D. Booker Is Not a "Watershed Rule of Criminal Procedure": Kenneth Only Teague nonretroactivity contains a second exception for new rules of criminal procedure that are; "watershed rules of criminal procedure implicating the fundamental fairness and accuracy of the criminal proceeding." Beard, 542 U.S. at 417, 124 S.Ct. 2504. This rule, as the Court in Beard pointed out, has "limited scope" and "is clearly meant to apply only to a small core of rules requiring observance of those procedures that . . . are implicit in the concept of ordered liberty." id. Moreover, the Beard Court explained that "because any qualifying rule would be so central to an accurate determination of innocence or guilt [that it is] unlikely that many such components of basic due process have yet to emerge, it should come as no surprise that we have yet to find a new rule that falls under the second Teague exception." Id.
Kenneth nevertheless argues that the "`reasonable doubt rulings in the Apprendi line of cases establish a watershed rule that must be applied retroactively under Teague due to its impact on the truth-finding function of a trial." But the Supreme Court's reasonable doubt rulings form the core of Apprendi; they are not a separate strand of principles which have not been analyzed for purposes of this issue. Moreover, this court addressed this issue in Humphress, holding that Booker did not create a watershed rule of criminal procedure. 398 F.3d at 863. This argument fails as well.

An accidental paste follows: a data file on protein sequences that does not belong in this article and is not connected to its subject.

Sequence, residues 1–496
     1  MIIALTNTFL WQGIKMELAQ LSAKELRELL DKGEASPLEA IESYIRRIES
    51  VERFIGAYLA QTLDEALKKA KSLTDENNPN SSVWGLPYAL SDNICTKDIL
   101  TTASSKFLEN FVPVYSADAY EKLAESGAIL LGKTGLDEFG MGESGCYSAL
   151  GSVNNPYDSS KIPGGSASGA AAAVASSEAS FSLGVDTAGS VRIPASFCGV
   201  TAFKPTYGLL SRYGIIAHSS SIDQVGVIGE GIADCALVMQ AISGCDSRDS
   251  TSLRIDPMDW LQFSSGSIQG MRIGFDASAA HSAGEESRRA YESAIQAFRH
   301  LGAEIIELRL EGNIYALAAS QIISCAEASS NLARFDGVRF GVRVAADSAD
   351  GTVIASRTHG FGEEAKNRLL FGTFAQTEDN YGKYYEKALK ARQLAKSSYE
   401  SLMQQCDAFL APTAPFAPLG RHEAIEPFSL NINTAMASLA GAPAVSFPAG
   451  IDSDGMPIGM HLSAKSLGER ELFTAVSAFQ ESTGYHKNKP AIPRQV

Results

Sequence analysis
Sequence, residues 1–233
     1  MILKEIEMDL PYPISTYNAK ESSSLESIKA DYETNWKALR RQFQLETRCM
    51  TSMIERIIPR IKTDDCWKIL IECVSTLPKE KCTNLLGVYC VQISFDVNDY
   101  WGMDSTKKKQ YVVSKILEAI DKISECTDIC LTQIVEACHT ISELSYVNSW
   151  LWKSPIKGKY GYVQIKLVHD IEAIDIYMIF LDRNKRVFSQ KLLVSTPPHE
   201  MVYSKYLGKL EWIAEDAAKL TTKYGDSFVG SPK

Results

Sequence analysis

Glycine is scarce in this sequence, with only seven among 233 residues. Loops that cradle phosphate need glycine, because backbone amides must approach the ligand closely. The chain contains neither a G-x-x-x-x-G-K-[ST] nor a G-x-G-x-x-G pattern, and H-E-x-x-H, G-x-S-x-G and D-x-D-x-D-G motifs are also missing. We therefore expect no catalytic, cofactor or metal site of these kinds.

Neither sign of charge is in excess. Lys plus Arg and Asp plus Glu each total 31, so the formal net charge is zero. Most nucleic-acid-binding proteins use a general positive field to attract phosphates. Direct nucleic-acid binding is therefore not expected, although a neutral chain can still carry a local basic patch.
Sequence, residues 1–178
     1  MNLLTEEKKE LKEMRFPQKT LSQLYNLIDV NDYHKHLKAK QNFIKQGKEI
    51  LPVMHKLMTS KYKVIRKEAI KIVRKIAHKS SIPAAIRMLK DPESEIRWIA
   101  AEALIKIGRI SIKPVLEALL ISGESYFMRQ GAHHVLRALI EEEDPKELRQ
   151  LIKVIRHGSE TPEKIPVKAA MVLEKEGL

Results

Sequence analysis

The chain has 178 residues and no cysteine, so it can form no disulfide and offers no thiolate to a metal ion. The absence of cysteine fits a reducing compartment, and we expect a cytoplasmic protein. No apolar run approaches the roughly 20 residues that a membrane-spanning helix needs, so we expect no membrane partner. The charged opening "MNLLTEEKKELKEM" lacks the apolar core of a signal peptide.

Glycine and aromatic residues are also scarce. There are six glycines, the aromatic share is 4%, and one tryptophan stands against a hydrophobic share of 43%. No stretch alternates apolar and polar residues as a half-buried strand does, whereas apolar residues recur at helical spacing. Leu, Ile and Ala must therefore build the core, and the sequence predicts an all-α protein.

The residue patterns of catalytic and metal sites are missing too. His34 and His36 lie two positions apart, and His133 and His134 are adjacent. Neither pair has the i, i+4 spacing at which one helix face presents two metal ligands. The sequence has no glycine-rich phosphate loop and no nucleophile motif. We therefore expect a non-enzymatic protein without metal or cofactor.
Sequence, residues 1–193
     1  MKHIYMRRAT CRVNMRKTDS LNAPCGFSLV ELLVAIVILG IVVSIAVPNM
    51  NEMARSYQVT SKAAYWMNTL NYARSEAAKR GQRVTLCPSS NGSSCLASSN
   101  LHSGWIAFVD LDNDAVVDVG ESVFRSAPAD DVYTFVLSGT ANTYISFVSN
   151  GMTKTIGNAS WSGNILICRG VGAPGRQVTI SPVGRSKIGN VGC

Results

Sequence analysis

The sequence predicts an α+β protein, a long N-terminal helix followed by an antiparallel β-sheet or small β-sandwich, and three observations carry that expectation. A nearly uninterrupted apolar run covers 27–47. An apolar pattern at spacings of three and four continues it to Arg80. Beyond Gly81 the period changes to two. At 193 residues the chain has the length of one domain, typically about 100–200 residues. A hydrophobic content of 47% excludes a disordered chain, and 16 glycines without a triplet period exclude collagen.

E. Application of Equity to Booker Issues: Kenneth Only
In his final Booker argument, Kenneth asks the court to create an equitable rule to allow defendants who raised an Apprendi argument on direct review to raise a Booker argument on collateral review. Teague forecloses such relief.
III. Ineffective Assistance of Counsel
A. Standard of Review
In reviewing a district court's ruling on a § 2255 petition, this court reviews findings of fact for clear error and conclusions of law de novo. Paulino v. United States, 352 F.3d 1056, 1058 (6th Cir. 2003).
B. The Intersection of 28 U.S.C. § 2255 and Strickland v. Washington